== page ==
Super Bowl XLIX is shaping up to be close. Seattle Seahawks cornerback Richard Sherman reacts during media day for Super Bowl XLIX at US Airways Center. Rob Schumacher-Arizona Republic via USA TODAY Sports

The Patriots and Seahawks face off Sunday in Super Bowl XLIX, with the Patriots generally being slight favorites by most sports books. But we know from history that anything can happen. The big game is notorious for upsets, with unexpected wins and loses shocking fans and players alike. The surprises make up some of the most memorable moments in NFL history.

Ahead of the 2015 game, we recapped some of the best Super Bowl upsets in recent decades. They’re in no order, because how can you really decide which is better: the Jets’ victory in Super Bowl III, or the Giants victory in Super Bowl XLII?

Super Bowl XXXII – John Elway Finally Wins A Ring As Broncos Beat Packers, 31-24

37-year-old John Elway had been to three Super Bowls, but had never won. He and his Broncos made it again in 1998 and while running back Terrell Davis carried the team with 165 all-purpose yards, Elway’s “Helicopter Run” is what will always stick out from the game. Elway scrambled for eight yards on the Green Bay 12-yard line for a first down, but was hit so hard by Packers defenders that he spun sideways through the air:

Super Bowl XXXVI – Patriots defeat St. Louis’ Greatest Show On Turf, 20-17

Tom Brady has led the Patriots to many Super Bowls, but in 2002 the team was the underdog. Brady was in his first season as a starter and St. Louis was favored by 14 points. The tough New England defense helped keep the team in the game and with only 1:21 minutes to go in the fourth quarter the score was 17-17. Brady and the Pats had the ball on their own 16 yard line with no timeouts. A couple big passes and Adam Vinatieri was set up for his 48-yard field goal.

Watch the final drive, along with some understated commentary from Pat Summerall and John Madden below, or listen to WBCN’s Gil and Gino call the game for radio for some more enthusiastic reactions.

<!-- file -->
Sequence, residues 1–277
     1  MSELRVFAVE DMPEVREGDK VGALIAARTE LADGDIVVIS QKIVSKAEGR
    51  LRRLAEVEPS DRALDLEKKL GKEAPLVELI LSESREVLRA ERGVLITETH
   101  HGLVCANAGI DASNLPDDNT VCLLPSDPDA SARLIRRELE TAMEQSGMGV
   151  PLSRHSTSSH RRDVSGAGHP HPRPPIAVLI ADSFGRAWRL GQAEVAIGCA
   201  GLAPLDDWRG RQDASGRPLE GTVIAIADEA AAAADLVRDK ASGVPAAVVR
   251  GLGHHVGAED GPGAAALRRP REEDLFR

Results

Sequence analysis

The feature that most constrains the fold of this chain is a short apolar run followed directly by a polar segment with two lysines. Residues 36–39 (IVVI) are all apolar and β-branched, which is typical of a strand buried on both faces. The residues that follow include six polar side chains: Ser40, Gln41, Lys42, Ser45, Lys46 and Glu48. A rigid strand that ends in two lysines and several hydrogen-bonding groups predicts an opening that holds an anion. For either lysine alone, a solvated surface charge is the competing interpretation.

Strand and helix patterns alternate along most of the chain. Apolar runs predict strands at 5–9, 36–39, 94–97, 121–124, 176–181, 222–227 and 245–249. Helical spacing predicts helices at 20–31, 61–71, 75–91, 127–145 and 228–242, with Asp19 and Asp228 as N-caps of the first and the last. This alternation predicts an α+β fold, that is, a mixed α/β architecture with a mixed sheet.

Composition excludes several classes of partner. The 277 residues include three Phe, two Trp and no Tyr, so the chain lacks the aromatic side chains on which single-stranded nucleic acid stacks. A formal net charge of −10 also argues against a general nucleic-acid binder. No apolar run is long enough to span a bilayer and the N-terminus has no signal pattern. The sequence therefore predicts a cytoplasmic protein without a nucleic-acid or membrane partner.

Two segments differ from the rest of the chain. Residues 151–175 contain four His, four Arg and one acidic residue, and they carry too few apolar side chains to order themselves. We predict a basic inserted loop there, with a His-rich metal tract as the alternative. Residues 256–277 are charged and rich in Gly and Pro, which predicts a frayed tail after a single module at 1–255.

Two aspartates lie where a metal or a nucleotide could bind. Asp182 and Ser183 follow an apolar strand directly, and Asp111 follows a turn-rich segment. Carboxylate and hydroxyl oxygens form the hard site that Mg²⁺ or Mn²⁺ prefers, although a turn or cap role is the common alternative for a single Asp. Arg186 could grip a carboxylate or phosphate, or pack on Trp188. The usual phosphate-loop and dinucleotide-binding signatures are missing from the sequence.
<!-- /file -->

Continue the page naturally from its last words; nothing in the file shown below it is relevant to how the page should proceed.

Super Bowl XLII - Giants beat undefeated Patriots, 17-14

The 2007 Patriots were an absolute powerhouse. They hadn’t lost a game all season and they were up against a Wild Card Giants team led by young Eli Manning. The Patriots were favored by 12 points going into the game. A slow game ended with an incredible game-winning drive by the Giants that was kept alive when Manning avoided three sacks and tossed a 32-yard pass to wide receiver David Tyree, who caught it with one hand and his helmet. The play is undoubtedly one of the greatest in Super Bowl history:

Super Bowl III – Broadway Joe and the Jets Defeat Colts, 16-7

Back in the 1960s, the NFL really wasn’t the NFL we know today. There were still two main leagues, the NFL and the AFL, or American Football League. The NFL was considered a much better league and the Green Bay Packers proved their league’s superiority in Super Bowl I and II with back-to-back victories over their AFL opponents. But the Jet’s charismatic quarterback Joe Namath guaranteed a win for the Jets, even though the Packers were favored to win by 19 points. The Jets victory made football fans finally take the AFL seriously and eased the merger of the two leagues two seasons later.

Super Bowl XXV – Wide Right, Giants upset the Bills, 20-19, starting four long years for Bills fans

Game-winning field goals make for some of the greatest Super Bowl victories ever, but what about a game-losing miss? That’s what happened in Super Bowl XXV in 1991. The Buffalo Bills were favored to beat the New York Giants by 7 points and the game was expected to be close, but no one could have predicted the way that game ended. With eight seconds on the clock and trailing by one point, Bills kicker Scott Norwood lined up for a 47-yard field goal to win the game. Norwood’s kick went wide right by about a foot, cementing the phrase “wide right” in NFL history and giving the Giants the closest Super Bowl victory ever. To add insult to injury, the Bills went to the next three Super Bowls and lost every one, each by large margins. Norwood would retire after the 1991 season. Watch via NFL.com, here.